Wild Dog Breed List

Wild Dog Breed List
May 6, 2019

By 2019, there aren’t all too many dog breeds which have been left undomesticated. Yet, there is still a handful of breeds which still happily roam the wild and don’t very much care for curling up on the sofa.

Naturally, these dog breeds do not make the best pets. Popular dog breeds such as Labradors, Poodles, and Bull Terriers have had generations of breeding behind them to make them the perfect household pet.

Wild dogs don’t have the same impulses to please as domesticated dogs. Instead, they rely on their natural instincts such as their prey-drives. These dogs can be incredibly dangerous to try and keep in check, so, it’s probably best you don’t get any ideas for future pets from this list of dogs – as cute as they may be!

The domestication of dog breeds happened somewhere between 16,000 and 32,000 years ago. So, that means domestic dogs have been our companions for around 10,000 years!

Here is a list of the top 8 wild or semi-wild dogs.

  1. African Wild Dogs

You may have seen African Wild Dogs in nature documentaries with their adorable Micky Mouse ears and distinctive fur markings. They are medium-sized dogs which like to hunt and live in packs to take down much larger prey. They also go by the name of Cape Wild Dog or Painted Wolf. To survive the wild, they have an incredibly athletic build which is capable of running at up to 41 miles per hour! They don’t hang around in making their kills either, it can be done in as little as two minutes!

  1. Asiatic Wild Dog

As we move through this list you will notice that many of the Wild dogs come from their own continent or geographical location. The Asiatic Wild Dog is a fox-like breed with a beautiful mane of fur, generally, they come from India and other Asian Countries, they go by names such as Red Wolf and Dhole. Just like the African Wild Dogs, they also like to hunt in packs and are built to survive in bitter, harsh and cold conditions such as the Himalayan mountains which border with Russia.

  1. Australian Dingo

The Australian Dingo is potentially the most well-known wild dog which features on this list. Film and other media have done a good job of painting Dingo wild dogs as loveable rogue characters. But what are they like in reality? Australians say that they are wolves in dog form. Whilst they may look like the Spitz breed of dog which is fairly stubborn minded, Australian Dingo dogs are extremely primitive dogs. This has led people to believe that they have been crossed with wolves in the past. This would explain a lot on why they still eat dead animal meat and still hunt in packs. Regardless, they are friendly with humans, and plenty of people have still made pets from them. It probably wouldn’t be recommended that you bring one into a small flat though!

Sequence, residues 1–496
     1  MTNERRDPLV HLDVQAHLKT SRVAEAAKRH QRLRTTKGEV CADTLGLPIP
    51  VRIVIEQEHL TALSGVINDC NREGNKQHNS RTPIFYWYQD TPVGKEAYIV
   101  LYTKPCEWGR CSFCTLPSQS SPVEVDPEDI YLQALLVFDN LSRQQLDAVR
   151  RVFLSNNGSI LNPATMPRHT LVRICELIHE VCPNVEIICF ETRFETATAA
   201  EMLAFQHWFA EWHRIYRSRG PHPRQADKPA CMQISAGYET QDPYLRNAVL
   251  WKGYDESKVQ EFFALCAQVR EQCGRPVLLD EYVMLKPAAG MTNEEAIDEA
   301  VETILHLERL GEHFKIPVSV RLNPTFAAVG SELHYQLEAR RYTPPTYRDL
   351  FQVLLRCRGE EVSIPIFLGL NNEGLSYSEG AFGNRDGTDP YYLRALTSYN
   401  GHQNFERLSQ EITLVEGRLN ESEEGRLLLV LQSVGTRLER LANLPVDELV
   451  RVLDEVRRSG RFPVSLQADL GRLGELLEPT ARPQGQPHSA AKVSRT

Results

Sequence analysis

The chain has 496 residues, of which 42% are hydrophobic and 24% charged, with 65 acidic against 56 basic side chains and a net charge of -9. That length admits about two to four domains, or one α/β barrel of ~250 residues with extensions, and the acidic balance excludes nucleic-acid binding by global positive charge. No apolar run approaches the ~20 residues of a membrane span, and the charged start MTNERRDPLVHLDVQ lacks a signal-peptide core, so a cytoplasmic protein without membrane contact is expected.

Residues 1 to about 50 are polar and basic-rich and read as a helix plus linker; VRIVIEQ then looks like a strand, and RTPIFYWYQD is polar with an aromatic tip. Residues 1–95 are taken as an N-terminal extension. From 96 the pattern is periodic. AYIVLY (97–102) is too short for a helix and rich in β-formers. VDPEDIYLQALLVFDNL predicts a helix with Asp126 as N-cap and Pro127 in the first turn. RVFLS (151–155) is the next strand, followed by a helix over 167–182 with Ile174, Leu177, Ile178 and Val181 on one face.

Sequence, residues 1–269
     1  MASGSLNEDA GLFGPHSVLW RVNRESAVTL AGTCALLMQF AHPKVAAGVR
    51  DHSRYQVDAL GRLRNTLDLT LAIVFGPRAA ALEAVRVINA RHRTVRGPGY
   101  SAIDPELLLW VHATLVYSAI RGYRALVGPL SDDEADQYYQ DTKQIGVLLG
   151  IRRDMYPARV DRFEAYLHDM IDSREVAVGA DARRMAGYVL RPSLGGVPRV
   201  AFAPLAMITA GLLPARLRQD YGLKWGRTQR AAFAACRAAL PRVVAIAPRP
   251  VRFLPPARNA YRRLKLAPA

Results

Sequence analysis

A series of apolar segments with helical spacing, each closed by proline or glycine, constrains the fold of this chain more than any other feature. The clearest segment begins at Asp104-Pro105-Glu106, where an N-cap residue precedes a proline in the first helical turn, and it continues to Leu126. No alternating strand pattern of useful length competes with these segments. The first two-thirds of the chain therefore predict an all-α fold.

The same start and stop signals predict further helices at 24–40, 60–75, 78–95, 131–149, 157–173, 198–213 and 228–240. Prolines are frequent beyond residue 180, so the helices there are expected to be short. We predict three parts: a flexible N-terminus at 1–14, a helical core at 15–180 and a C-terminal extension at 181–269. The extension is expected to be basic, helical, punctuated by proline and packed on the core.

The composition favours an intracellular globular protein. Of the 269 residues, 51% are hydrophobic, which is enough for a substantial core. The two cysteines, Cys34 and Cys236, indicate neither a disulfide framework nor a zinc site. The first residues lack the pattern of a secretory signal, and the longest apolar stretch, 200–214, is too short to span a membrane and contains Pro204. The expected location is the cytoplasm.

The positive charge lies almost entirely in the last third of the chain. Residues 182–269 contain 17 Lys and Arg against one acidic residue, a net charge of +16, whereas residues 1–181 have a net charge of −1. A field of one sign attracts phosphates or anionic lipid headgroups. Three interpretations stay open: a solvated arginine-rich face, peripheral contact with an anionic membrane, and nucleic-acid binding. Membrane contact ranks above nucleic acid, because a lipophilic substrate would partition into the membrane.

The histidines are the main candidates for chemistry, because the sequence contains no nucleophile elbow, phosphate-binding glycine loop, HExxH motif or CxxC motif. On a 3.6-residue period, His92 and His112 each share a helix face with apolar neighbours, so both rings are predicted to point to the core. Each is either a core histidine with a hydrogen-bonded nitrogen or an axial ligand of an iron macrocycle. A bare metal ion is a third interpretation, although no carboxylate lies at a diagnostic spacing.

1. New Guinea Singing Dog

If you thought that Jack Russell Terriers were noisy dogs, you’d probably struggle with the decibels put out by the New Guinea Singing Dog which one of the rarest dog breeds to feature on this list. They have incredibly unique vocalization which is incredibly high pitched. Which, is a little strange when you consider their sturdy medium size. Other tricks up their sleeves are the ability to climb trees and spin their head around to 180 degrees! Unlike most of the dog breeds on this list, they only hunt in packs, but they generally like to live in pairs. Isn’t that adorable?

  1. Sri Lankan Yala Dog

Dogs don’t come much more hardy than the Sri Lankan Yala Dog, you may not have heard of them before as their numbers aren’t too great, however, if you were to head down to Yala National Park, you’d see plenty of the primitive dogs!

  1. Hierran Wolfdog

There are many forms of wolfdog still roaming in the wild, however, one of the most common is the Hierran Wolfdog who have avoided domestication for decades. They are one of the oldest breeds of dog known to man. No one even knows when or how their origin began, the best guess is that they come from Spain. They are incredibly athletic and very much built for the wild. So, it would be slightly cruel to expect them to be domesticated. However, reports show that they are incredibly intelligent and loyal. Yet, if you’re a stranger to a Hierran Wolfdog, don’t be all too surprised if they are slightly reserved.

  1. Racoon Dog

Racoon Dogs (or Tanukis) are one of the most adorable animals on the planet. Racoons may get a bad rep as trash pandas, but no dog lover would be able to resist a cuddle from a Raccoon dog! It is not known just how long that Raccoon dogs have been around, but recent evidence proves that they may have existed up to 2,588,000 years ago! No one can deny their reminiscence to actual racoons with their adorable bandit face masks. Sadly, in many parts of the world, it is illegal to own a racoon dog, just as it is illegal to own a racoon. It is said that they are to make good pets, however, they have never been a dog breed which has been fully domesticated. Some have tried only to learn that their racoon dogs aren’t all too well behaved, in fact, they have a tendency to steal things!

  1. Bush Dog

Bush Dogs look more like otters than they do dogs, however, they are very much canine! This is another rare breed to make the list, they aren’t often spotted outside of locations such as Panama or other leafy locations around South America. They’ve got some pretty funny tricks up their sleeves, well the female bush dogs do anyway, they like to mark their territory by doing a handstand on the trunk of a tree and urinating. How could you not love them?